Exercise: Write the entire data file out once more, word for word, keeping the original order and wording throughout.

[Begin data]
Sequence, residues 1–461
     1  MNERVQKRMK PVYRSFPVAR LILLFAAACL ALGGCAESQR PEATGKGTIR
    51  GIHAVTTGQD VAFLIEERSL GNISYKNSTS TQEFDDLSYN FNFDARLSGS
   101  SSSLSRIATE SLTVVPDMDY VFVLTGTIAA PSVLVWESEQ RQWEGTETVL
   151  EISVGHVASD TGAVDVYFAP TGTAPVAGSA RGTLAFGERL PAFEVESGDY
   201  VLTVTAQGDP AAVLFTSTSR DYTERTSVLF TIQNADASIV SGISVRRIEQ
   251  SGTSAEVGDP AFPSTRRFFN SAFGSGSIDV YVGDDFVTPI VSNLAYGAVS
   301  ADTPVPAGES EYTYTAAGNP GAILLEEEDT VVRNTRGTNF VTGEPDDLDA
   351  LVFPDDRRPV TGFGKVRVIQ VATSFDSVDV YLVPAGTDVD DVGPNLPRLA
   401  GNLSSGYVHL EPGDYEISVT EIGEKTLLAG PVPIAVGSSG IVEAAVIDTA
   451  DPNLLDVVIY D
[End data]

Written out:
Sequence, residues 1–461
     1  MNERVQKRMK PVYRSFPVAR LILLFAAACL ALGGCAESQR PEATGKGTIR
    51  GIHAVTTGQD VAFLIEERSL GNISYKNSTS TQEFDDLSYN FNFDARLSGS
   101  SSSLSRIATE SLTVVPDMDY VFVLTGTIAA PSVLVWESEQ RQWEGTETVL
   151  EISVGHVASD TGAVDVYFAP TGTAPVAGSA RGTLAFGERL PAFEVESGDY
   201  VLTVTAQGDP AAVLFTSTSR DYTERTSVLF TIQNADASIV SGISVRRIEQ
   251  SGTSAEVGDP AFPSTRRFFN SAFGSGSIDV YVGDDFVTPI VSNLAYGAVS
   301  ADTPVPAGES EYTYTAAGNP GAILLEEEDT VVRNTRGTNF VTGEPDDLDA
   351  LVFPDDRRPV TGFGKVRVIQ VATSFDSVDV YLVPAGTDVD DVGPNLPRLA
   401  GNLSSGYVHL EPGDYEISVT EIGEKTLLAG PVPIAVGSSG IVEAAVIDTA
   451  DPNLLDVVIY D